Holiday Red Velvet :
In the past I’ve made these with holiday velvet cake mixes, cookies come in both red and green. The green ones don’t seem to go over as well even though they taste the same. So instead of making it extra colorful we are skipping the grinch coloring this year.
Organic Gluten Free No White Sugar Oatmeal Cookies
This is my new experiment this year. I took a basic oatmeal cookie recipe and did some work substituting ingredients. I was able to come up with an alternative to meet the needs of a few family members with food allergies, something I completely understand. (for more on this put the words “tree nuts” and “barley” into my search box on this blog). If this goes well and I get thumbs up from those who will enjoy them then a recipe may be down the road for this as well.
In addition to these wonderful cookies I am making a few candies and snacks including peanut brittle, butterscotch haystacks, and spicy cajun peanuts to name a few.
Are any of these your favorites? If not what is your favorite holiday treat?
Well after more than a week with Luke’s parents we were ready for a weekend in. (More on that week to come soon.) We spent most of the weekend working on the house, working on some of those projects that take only a few hours but are hard to fit in. We also got some quiet time to just regroup together, and on our own.
On the 4th we celebrated with burgers, local hard cider, and dessert. For the 4th this year I decided to make a new cookie (always looking for excuses to experiment). After research online I decided to make lemon thyme shortbread cookies (recipe to come). To make them festive I used a star cookie cutter.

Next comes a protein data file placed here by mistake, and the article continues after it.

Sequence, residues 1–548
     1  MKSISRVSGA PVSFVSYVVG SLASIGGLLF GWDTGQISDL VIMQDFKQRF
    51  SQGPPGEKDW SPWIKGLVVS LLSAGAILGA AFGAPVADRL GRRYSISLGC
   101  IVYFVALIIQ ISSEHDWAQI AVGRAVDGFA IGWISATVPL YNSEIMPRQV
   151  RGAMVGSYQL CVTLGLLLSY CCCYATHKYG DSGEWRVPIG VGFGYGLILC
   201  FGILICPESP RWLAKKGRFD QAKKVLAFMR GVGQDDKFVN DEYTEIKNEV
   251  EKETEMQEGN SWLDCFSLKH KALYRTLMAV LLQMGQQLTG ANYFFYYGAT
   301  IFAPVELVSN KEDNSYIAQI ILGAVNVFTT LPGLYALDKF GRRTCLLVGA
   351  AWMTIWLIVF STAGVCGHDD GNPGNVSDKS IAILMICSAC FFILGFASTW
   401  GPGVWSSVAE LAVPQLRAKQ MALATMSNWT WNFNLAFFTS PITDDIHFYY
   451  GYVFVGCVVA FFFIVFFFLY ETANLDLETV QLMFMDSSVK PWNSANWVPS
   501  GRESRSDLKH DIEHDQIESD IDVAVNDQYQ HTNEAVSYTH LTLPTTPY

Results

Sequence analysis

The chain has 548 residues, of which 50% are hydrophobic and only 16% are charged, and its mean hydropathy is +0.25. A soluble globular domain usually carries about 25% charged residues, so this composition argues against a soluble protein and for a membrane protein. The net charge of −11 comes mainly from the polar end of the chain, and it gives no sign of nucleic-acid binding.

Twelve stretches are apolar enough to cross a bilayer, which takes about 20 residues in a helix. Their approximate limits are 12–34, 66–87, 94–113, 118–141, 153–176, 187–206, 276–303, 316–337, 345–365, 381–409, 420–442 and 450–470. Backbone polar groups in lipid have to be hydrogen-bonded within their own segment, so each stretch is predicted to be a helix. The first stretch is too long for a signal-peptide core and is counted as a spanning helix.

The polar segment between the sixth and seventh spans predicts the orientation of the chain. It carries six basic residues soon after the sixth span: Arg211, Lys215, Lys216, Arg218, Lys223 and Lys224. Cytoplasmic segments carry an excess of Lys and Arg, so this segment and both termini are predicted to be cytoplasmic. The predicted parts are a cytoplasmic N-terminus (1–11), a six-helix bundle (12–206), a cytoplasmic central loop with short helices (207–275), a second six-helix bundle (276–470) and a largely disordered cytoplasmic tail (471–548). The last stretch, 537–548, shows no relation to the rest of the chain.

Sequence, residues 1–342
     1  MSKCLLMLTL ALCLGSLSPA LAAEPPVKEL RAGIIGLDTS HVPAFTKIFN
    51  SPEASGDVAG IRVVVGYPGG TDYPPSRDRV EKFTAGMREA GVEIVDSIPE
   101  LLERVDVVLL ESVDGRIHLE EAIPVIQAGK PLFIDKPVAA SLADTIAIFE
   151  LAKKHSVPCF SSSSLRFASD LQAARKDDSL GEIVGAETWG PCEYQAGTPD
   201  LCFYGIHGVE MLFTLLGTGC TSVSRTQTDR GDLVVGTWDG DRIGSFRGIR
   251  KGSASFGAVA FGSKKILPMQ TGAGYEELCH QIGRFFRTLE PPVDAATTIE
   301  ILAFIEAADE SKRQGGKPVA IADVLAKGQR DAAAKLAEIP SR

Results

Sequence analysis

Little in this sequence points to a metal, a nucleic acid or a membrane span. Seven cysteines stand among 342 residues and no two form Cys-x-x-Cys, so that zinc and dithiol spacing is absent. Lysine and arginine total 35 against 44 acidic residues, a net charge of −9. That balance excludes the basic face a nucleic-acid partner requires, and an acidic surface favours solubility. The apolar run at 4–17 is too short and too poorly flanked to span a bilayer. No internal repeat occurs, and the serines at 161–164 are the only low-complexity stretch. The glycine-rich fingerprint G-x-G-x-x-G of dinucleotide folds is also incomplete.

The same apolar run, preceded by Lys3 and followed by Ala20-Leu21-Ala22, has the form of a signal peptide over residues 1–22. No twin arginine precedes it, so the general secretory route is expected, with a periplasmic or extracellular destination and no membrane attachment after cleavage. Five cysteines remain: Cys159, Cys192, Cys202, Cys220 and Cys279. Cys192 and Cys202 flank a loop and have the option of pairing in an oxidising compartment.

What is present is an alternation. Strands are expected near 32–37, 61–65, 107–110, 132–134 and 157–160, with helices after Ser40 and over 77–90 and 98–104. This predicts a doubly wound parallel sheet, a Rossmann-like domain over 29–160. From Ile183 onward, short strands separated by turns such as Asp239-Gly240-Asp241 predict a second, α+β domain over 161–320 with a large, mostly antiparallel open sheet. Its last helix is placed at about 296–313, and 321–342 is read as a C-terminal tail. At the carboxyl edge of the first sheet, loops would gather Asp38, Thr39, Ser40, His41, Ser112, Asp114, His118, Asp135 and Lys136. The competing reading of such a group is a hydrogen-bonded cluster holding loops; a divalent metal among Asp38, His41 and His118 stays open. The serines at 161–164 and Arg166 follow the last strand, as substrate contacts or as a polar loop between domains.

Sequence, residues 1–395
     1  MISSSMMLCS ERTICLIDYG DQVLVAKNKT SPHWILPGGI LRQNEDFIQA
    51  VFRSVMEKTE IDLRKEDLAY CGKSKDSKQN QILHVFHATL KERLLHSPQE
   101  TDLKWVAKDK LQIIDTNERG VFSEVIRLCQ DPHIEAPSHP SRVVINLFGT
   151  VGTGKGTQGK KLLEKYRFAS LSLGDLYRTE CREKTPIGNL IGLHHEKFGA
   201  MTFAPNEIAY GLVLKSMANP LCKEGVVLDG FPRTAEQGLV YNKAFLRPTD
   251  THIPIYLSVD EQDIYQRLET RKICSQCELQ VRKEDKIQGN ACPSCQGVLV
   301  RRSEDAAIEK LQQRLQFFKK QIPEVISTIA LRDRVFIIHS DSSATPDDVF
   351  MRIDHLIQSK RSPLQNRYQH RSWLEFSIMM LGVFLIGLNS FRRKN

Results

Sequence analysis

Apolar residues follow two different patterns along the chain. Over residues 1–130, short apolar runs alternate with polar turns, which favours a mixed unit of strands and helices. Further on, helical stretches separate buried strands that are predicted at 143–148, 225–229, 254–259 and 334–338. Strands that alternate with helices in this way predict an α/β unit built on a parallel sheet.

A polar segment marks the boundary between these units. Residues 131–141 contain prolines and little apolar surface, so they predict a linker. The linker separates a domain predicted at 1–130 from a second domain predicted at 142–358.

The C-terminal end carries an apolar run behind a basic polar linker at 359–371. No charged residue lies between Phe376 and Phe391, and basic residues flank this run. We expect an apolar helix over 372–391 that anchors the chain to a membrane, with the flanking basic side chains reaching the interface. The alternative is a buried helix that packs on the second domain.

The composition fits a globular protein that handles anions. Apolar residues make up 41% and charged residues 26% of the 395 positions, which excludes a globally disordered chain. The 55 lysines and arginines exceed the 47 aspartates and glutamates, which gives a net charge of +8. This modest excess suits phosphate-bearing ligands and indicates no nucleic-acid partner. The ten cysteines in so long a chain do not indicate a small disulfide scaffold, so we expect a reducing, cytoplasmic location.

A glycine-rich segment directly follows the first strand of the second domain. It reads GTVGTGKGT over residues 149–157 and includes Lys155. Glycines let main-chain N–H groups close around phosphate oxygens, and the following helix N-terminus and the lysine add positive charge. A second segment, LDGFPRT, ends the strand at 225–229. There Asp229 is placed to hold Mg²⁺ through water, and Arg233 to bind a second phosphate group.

To complete our dessert I made a berry salad adding fresh mint from our garden, then made some whipped cream with a little vanilla and agave. It was a refreshing and light festive dessert. Maybe a new tradition? For more on this see:
Christmas week is over and it was full of fun and festive events with my family. Most of which is to come in future posts. But for now, on Christmas Eve we prepared holiday dishes. When making our traditional meat pie for Christmas Eve dinner Luke wanted to cook up 2pound of meat but I was concerned it would not fit in our small pie tins, Next thing I know out comes an early Christmas gift labeled “kitchen Santa”. So we had a new large deep dish fiesta-ware pie tin to put our Christmas Eve dinner in.
That night went to service at our church where Luke and I sang in the choir. It was a wonderful celebration with plenty of singing and of course a candle lighting. We enjoyed cookies and punch downstairs then came back and enjoyed our meat pie.
Later that evening we opened our one Christmas Eve present then enjoyed a local favorite: concord grape pie from Monica’s with homemade whip cream.
On Christmas day the tree was full with presents around one of our other gifts a homemade quilted Christmas Tree Skirt. Below’s picture was before it was full so I could see the skirt.
We started the morning with coffee and opened Kira’s stocking which my mother brought. She found treats and new toys to keep her busy as we opened our own stockings.
We then had our traditional breakfast of scrambled eggs, sausage, and blue/blackberry buckle. After this we read our Christmas story for the year, a children’s book my grandmother gives us each year focusing on the Christmas story. Then opened presents.
We cleaned up some of our Christmas morning mess and spent the rest of the day playing board games and skyping other family members in our PJ’s. We had prime rib with au jus, and family dipping sauce called ‘ham sauce’, parmesan green beans and rosemary/thyme potatoes for dinner.